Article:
Bubbly Champagne Boosts Heart Health

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Bubbly Champagne Boosts Heart Health

Good news for the holiday season! Champagne does more than tickle your nose. It may also protect your heart

This is according to a study conducted at Reading University in England and published in the British Journal of Nutrition. Researchers from Reading, England and Reims, France concluded that champagne has the same heart health benefits as red wine because it contains polyphenol antioxidants.

These compounds in champagne were found to reduce cell-damage caused by free radicals. They also reduce the release of nitric acid from the blood, keeping blood pressure down. The researchers believe this reduces the risk of strokes and heart disease.

Champagne - the real stuff - is a sparkling wine produced only in the Champagne region of France near Paris. It is traditionally made with a blend of red Pinot Noir and Pinot Meunier grapes as well as white Chardonnay grapes. Some champagnes are made with only the red grapes (blanc de noir) or only white grapes (blanc de blanc).

In the study, 15 lucky subjects drank 375 ml (12.7 ounces) of champagne or a non-champagne alcoholic substitute without polyphenols in 10 minutes. (Don't try this at home!)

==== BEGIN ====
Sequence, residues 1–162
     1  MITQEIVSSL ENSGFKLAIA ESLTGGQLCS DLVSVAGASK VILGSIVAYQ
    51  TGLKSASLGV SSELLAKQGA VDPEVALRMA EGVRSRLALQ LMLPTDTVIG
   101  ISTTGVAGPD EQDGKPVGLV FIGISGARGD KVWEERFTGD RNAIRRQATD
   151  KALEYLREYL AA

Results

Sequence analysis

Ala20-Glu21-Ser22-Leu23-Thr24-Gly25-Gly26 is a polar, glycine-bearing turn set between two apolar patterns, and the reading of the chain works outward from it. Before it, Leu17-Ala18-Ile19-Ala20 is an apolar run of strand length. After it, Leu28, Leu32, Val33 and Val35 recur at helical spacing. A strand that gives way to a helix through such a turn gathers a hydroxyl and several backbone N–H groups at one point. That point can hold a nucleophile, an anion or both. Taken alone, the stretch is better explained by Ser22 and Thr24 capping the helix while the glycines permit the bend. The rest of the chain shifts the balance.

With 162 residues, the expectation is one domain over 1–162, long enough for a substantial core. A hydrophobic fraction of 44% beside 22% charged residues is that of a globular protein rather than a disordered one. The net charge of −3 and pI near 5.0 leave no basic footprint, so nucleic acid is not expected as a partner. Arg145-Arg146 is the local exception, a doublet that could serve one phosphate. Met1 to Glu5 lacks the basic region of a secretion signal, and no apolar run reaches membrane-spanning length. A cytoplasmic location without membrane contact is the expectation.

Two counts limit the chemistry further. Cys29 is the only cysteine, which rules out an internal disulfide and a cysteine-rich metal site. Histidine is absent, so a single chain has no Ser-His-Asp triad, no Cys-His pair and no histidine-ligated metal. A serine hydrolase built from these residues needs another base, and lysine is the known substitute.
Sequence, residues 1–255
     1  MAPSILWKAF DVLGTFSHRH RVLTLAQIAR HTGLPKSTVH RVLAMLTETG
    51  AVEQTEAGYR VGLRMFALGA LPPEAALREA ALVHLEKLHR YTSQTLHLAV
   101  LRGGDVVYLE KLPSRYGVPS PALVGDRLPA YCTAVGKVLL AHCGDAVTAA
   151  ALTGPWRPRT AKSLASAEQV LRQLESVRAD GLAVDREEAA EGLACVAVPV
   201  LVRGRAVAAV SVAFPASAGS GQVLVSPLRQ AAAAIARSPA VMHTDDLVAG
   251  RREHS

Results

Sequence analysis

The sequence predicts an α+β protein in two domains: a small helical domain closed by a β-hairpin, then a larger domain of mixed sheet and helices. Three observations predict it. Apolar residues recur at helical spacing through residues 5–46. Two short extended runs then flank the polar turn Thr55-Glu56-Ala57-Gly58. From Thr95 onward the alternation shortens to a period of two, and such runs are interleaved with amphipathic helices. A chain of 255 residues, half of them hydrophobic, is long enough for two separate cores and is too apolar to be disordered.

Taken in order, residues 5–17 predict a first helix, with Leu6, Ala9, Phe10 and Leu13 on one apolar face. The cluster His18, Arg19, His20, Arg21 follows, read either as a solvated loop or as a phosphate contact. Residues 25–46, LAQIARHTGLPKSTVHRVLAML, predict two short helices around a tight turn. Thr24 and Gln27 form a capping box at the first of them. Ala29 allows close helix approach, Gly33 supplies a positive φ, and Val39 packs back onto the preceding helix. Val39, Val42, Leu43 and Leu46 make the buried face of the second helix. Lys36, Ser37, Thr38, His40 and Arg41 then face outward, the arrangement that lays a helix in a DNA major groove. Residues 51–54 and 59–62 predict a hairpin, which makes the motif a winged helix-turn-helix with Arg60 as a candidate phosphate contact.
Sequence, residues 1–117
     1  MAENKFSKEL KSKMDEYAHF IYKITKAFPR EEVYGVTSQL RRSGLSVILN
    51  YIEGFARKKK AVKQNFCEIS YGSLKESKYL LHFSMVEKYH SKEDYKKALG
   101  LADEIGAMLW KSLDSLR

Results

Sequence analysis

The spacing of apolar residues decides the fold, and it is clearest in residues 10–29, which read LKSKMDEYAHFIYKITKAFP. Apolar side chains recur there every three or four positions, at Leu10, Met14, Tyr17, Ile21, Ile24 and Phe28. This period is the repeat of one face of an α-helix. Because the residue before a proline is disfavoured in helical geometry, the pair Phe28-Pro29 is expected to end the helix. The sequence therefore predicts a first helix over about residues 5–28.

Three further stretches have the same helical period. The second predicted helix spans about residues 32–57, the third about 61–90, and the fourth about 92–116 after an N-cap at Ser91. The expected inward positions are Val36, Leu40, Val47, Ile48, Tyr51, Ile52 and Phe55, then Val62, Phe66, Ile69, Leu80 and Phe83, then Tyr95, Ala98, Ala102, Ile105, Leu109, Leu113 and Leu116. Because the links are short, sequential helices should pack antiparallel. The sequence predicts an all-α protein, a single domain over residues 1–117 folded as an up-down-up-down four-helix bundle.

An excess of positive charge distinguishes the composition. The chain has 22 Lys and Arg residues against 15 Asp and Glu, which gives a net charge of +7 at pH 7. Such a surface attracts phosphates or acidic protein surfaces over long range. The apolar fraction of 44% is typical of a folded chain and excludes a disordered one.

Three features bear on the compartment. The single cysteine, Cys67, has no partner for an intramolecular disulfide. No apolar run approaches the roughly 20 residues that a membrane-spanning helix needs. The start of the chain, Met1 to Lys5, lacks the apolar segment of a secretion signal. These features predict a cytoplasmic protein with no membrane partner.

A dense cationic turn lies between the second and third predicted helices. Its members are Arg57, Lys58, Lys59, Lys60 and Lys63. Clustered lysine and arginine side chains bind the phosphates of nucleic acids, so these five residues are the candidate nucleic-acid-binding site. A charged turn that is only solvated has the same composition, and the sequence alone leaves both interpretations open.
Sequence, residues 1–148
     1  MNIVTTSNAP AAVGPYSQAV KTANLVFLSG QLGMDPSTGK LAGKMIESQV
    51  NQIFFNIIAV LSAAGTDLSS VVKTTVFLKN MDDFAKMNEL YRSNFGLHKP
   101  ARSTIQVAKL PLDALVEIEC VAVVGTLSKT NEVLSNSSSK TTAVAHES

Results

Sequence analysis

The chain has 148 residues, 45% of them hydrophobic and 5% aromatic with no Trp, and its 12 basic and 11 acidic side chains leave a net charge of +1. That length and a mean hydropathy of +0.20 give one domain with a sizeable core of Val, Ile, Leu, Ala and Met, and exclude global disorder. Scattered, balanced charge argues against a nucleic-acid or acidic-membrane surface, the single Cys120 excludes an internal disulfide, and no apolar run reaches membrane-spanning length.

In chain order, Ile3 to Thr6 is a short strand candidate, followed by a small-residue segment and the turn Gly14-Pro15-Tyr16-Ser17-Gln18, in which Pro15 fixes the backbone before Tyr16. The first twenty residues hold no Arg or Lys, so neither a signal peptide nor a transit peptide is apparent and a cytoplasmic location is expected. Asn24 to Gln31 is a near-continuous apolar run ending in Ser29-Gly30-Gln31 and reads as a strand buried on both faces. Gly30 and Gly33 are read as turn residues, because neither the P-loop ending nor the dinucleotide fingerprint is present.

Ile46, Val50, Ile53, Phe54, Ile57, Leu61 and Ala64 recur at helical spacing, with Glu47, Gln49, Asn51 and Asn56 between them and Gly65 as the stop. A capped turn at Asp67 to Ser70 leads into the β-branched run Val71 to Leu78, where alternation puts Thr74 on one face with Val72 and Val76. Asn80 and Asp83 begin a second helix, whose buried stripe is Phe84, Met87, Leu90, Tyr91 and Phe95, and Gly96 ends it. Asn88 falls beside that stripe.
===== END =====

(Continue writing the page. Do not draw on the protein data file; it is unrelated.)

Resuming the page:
Based on the results, the lead researcher stated that "a couple of glasses" of champagne a day benefits the walls of blood vessels.

However, the study did not directly measure the occurrence of cardiovascular disease. In other words, it didn't actually study heart disease and champagne in the general population.

According to Walter Willett, M.D., Chairman of Nutrition at Harvard University's School of Public Health, much attention has been given to studies concluding that daily moderate consumption of alcohol of any type (including beer, white or red wine, or whiskey) over the age of 50 will reduce cardiovascular risk.

What is not commonly known, according to Willett, is that the beneficial effects of alcohol are only realized if there are sufficient levels of folate or folic acid in the diet. Folic acid is a synthetic form of folate which is a B vitamin found naturally in fruits and vegetables.

In the Reading study, champagne was found to provide benefits on a par not only with red wine but also with cocoa.

Red wine, champagne and chocolate: sounds like a joyful holiday celebration. Just remember to add some fruits and vegetables for your folate, and enjoy it all guilt-free!

Disclaimer: This article is not intended to provide medical advice, diagnosis or treatment. Views expressed here do not necessarily reflect those of GreenMedInfo or its staff.

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